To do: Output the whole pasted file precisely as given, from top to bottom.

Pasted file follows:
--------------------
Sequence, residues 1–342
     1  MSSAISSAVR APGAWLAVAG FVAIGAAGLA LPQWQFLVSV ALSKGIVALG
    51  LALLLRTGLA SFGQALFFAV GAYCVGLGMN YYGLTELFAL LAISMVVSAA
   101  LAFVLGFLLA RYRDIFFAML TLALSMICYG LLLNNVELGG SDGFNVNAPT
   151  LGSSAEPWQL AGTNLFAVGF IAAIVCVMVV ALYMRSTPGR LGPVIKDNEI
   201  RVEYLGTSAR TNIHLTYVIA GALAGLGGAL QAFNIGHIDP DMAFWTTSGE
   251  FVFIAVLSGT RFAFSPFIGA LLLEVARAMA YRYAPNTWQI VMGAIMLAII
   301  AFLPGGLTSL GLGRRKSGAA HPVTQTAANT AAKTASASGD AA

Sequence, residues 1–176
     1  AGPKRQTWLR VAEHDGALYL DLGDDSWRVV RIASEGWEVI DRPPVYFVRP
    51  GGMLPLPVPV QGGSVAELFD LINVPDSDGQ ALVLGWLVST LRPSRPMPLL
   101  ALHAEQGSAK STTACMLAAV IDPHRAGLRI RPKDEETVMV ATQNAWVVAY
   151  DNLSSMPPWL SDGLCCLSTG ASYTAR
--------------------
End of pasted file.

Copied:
Sequence, residues 1–342
     1  MSSAISSAVR APGAWLAVAG FVAIGAAGLA LPQWQFLVSV ALSKGIVALG
    51  LALLLRTGLA SFGQALFFAV GAYCVGLGMN YYGLTELFAL LAISMVVSAA
   101  LAFVLGFLLA RYRDIFFAML TLALSMICYG LLLNNVELGG SDGFNVNAPT
   151  LGSSAEPWQL AGTNLFAVGF IAAIVCVMVV ALYMRSTPGR LGPVIKDNEI
   201  RVEYLGTSAR TNIHLTYVIA GALAGLGGAL QAFNIGHIDP DMAFWTTSGE
   251  FVFIAVLSGT RFAFSPFIGA LLLEVARAMA YRYAPNTWQI VMGAIMLAII
   301  AFLPGGLTSL GLGRRKSGAA HPVTQTAANT AAKTASASGD AA

Sequence, residues 1–176
     1  AGPKRQTWLR VAEHDGALYL DLGDDSWRVV RIASEGWEVI DRPPVYFVRP
    51  GGMLPLPVPV QGGSVAELFD LINVPDSDGQ ALVLGWLVST LRPSRPMPLL
   101  ALHAEQGSAK STTACMLAAV IDPHRAGLRI RPKDEETVMV ATQNAWVVAY
   151  DNLSSMPPWL SDGLCCLSTG ASYTAR